Petition To Ban Trump From Twitter Has Gathered Over 22,000 Signatures
An online petition to ban President-elect Donald Trump from Twitter has generated more than 22,000 signatures.
The petition at Care2 Petitions has been around for a few months but it gained steam on Tuesday when Trump took to Twitter to suggest that people who burn the American flag should permanently lose their citizenship — or maybe go to jail for a year.
Shirley Burns, the author of the Care2 petition to rid Twitter of Trump, says that Trump “has crossed a line by attacking people on Twitter based on their race, religion, gender and more.”
Burns cites Twitter’s rules. “You may not promote violence against or directly attack or threaten other people on the basis of race, ethnicity, national origin, sexual orientation, gender, gender identity, religious affiliation, age, disability, or disease,” a clause concerning “hateful conduct” in the Twitter rulebook explains.
Accounts “engaging in the activities specified below may be temporarily locked and/or subject to permanent suspension,” Twitter’s rules state.
“By locking or suspending Donald Trump’s account, Twitter can send a powerful message that hate is not accepted or condoned on their platform,” the petition urges.
In the past, Trump has tweeted rants which Burns and, presumably, the several thousand signatories of the Care2 petition consider sufficiently hateful.
In 2015, for example, Trump tweeted: “Druggies, drug dealers, rapists and killers are coming across the southern border. When will the U.S. get smart and stop this travesty?”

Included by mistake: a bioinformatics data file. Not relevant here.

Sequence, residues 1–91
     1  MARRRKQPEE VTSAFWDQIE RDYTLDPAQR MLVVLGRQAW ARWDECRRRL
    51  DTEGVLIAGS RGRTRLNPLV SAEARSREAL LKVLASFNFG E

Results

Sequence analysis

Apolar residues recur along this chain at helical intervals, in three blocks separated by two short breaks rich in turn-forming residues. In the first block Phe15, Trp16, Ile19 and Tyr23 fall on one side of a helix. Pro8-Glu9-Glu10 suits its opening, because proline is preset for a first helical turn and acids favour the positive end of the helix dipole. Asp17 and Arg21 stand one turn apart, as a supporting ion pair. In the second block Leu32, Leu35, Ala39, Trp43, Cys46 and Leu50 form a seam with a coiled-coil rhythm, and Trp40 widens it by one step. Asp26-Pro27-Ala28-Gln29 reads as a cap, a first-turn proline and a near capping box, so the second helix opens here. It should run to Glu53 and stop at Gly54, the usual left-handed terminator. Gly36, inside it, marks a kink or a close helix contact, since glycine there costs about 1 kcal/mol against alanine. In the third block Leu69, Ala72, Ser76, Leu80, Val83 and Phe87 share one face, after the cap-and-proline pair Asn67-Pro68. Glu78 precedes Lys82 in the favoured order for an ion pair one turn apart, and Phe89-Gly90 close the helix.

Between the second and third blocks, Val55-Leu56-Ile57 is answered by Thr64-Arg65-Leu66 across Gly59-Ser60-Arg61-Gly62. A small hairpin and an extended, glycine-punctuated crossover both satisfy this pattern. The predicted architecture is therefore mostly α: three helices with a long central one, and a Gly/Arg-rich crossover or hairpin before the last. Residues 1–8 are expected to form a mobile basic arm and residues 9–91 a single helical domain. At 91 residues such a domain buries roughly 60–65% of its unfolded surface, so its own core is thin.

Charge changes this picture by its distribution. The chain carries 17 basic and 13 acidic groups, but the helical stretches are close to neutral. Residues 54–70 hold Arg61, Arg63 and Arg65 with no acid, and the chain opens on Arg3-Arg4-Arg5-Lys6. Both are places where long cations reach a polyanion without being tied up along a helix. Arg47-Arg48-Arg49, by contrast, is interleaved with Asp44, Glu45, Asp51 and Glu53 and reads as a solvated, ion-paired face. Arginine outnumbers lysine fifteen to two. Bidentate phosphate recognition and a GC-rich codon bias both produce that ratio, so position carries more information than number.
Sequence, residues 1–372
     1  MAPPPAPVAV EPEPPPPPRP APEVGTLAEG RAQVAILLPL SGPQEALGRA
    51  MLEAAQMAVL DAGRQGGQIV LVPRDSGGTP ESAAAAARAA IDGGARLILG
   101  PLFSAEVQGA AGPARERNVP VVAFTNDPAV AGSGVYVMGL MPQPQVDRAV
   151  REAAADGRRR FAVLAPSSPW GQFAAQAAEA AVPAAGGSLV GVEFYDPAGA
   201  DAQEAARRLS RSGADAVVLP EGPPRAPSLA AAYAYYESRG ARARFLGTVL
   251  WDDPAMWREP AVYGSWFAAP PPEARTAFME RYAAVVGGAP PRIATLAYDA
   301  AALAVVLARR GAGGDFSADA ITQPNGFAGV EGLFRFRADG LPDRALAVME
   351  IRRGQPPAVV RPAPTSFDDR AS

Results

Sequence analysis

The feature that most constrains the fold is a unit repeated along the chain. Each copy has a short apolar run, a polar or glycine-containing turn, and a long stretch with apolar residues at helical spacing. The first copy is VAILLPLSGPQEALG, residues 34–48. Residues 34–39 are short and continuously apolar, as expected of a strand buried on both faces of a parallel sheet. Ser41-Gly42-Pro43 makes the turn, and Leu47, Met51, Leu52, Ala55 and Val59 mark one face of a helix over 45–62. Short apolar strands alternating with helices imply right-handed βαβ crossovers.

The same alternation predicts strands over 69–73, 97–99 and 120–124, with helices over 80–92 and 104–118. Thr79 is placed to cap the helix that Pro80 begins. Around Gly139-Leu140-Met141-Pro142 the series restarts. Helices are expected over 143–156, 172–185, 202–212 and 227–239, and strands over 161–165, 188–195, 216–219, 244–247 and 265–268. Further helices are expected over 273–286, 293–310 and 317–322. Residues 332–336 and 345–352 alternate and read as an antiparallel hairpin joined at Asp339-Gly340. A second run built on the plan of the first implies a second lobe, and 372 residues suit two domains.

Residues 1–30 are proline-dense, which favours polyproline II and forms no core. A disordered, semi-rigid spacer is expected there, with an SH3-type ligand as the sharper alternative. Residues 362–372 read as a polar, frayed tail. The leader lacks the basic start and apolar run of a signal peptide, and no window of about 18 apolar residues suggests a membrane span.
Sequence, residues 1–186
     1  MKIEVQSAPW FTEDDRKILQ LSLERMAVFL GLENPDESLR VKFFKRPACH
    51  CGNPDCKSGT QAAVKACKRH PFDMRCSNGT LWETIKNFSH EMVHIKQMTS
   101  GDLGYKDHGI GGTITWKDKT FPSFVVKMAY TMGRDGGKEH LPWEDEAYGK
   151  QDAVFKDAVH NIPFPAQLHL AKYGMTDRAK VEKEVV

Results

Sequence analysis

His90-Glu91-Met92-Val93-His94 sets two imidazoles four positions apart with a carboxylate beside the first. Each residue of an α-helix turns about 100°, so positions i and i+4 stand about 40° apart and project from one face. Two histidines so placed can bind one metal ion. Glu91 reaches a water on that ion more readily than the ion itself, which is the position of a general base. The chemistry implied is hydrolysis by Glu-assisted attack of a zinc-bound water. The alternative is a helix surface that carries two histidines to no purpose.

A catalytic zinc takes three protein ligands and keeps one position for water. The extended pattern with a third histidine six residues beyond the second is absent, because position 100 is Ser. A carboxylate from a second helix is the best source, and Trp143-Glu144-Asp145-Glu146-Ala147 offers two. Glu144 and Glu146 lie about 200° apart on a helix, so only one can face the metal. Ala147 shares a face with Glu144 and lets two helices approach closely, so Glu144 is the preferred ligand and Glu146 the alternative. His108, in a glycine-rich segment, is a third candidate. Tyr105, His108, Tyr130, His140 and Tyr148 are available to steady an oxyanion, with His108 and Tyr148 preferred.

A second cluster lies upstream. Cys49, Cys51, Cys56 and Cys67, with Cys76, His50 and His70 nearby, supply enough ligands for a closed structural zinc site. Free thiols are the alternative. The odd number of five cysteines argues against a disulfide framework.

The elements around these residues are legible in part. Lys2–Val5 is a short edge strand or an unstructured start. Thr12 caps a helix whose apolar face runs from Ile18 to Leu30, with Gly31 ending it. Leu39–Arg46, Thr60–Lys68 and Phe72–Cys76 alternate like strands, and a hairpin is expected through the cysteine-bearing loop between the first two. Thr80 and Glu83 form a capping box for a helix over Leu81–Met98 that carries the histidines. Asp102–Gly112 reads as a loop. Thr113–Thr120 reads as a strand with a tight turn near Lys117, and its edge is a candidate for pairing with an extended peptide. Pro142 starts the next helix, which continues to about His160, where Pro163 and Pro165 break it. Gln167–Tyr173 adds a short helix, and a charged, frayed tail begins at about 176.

In a recent update, Burns cites The New York Times for the proposition that “Donald Trump has insulted 258 people, places and things on Twitter.”
“President-elect Trump is using Twitter to spread false information and propose monstrous ideas,” the petition says. “If Twitter doesn’t suspend his account, Trump will continue to use it as a state propaganda machine.”
A press release sent to The Daily Caller concerning the petition notes that Twitter has already banned Internet provocateur and Breitbart News tech editor — and Trump supporter — Milo Yiannopoulos.
“We call on Twitter to investigate @realDonaldTrump and temporarily suspend his account until, to use Trump’s own words, they can ‘figure out what is going on,'” the the petition beseeches.
Though a smattering of protesters who have gathered in response to Trump’s election have burned American flags, Trump’s Tuesday morning proposal to jail flag-burning protesters — or strip their citizenship — comes seemingly out of the blue.
A U.S. Supreme Court case, Texas v. Johnson, guarantees that protesters can burn American flags.
The famous case involves a man — Johnson — who set an American flag on fire outside the venue of the 1984 Republican National Convention. In a 5-4 ruling, the Supreme Court held that burning a U.S. flag is symbolic speech protected under the Constitution.
As of the wee hours of Wednesday morning, six of the most recent 10 signatories of the petition to ban Trump from Twitter had indicated that they live in foreign countries. Two said they live in Italy. One each listed South Africa, Serbia, British Columbia and Croatia.